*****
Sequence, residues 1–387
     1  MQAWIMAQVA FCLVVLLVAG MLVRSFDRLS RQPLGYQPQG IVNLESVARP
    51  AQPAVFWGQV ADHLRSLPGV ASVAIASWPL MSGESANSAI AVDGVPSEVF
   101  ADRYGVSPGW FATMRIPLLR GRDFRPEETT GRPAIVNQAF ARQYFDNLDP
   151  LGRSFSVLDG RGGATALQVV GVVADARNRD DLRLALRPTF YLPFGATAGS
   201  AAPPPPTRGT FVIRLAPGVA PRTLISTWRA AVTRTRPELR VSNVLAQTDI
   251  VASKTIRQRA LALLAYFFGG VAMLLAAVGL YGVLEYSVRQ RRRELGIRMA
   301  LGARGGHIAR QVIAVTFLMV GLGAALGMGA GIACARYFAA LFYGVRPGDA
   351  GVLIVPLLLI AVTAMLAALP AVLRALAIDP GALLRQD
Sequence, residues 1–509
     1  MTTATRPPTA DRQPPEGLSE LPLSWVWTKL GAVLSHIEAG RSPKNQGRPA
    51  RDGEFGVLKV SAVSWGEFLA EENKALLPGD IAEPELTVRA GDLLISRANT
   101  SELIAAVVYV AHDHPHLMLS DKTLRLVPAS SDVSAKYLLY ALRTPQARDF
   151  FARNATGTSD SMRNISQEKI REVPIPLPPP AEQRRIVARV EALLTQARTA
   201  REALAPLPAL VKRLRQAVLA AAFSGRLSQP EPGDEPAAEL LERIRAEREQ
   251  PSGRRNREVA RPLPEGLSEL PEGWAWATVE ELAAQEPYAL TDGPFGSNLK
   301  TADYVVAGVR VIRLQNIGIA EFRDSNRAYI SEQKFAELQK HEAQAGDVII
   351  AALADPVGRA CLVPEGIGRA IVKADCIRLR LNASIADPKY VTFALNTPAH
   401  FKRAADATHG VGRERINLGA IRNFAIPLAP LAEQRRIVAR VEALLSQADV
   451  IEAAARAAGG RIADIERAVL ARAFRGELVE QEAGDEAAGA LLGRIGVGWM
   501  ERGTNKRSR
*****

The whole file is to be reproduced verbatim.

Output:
Sequence, residues 1–387
     1  MQAWIMAQVA FCLVVLLVAG MLVRSFDRLS RQPLGYQPQG IVNLESVARP
    51  AQPAVFWGQV ADHLRSLPGV ASVAIASWPL MSGESANSAI AVDGVPSEVF
   101  ADRYGVSPGW FATMRIPLLR GRDFRPEETT GRPAIVNQAF ARQYFDNLDP
   151  LGRSFSVLDG RGGATALQVV GVVADARNRD DLRLALRPTF YLPFGATAGS
   201  AAPPPPTRGT FVIRLAPGVA PRTLISTWRA AVTRTRPELR VSNVLAQTDI
   251  VASKTIRQRA LALLAYFFGG VAMLLAAVGL YGVLEYSVRQ RRRELGIRMA
   301  LGARGGHIAR QVIAVTFLMV GLGAALGMGA GIACARYFAA LFYGVRPGDA
   351  GVLIVPLLLI AVTAMLAALP AVLRALAIDP GALLRQD
Sequence, residues 1–509
     1  MTTATRPPTA DRQPPEGLSE LPLSWVWTKL GAVLSHIEAG RSPKNQGRPA
    51  RDGEFGVLKV SAVSWGEFLA EENKALLPGD IAEPELTVRA GDLLISRANT
   101  SELIAAVVYV AHDHPHLMLS DKTLRLVPAS SDVSAKYLLY ALRTPQARDF
   151  FARNATGTSD SMRNISQEKI REVPIPLPPP AEQRRIVARV EALLTQARTA
   201  REALAPLPAL VKRLRQAVLA AAFSGRLSQP EPGDEPAAEL LERIRAEREQ
   251  PSGRRNREVA RPLPEGLSEL PEGWAWATVE ELAAQEPYAL TDGPFGSNLK
   301  TADYVVAGVR VIRLQNIGIA EFRDSNRAYI SEQKFAELQK HEAQAGDVII
   351  AALADPVGRA CLVPEGIGRA IVKADCIRLR LNASIADPKY VTFALNTPAH
   401  FKRAADATHG VGRERINLGA IRNFAIPLAP LAEQRRIVAR VEALLSQADV
   451  IEAAARAAGG RIADIERAVL ARAFRGELVE QEAGDEAAGA LLGRIGVGWM
   501  ERGTNKRSR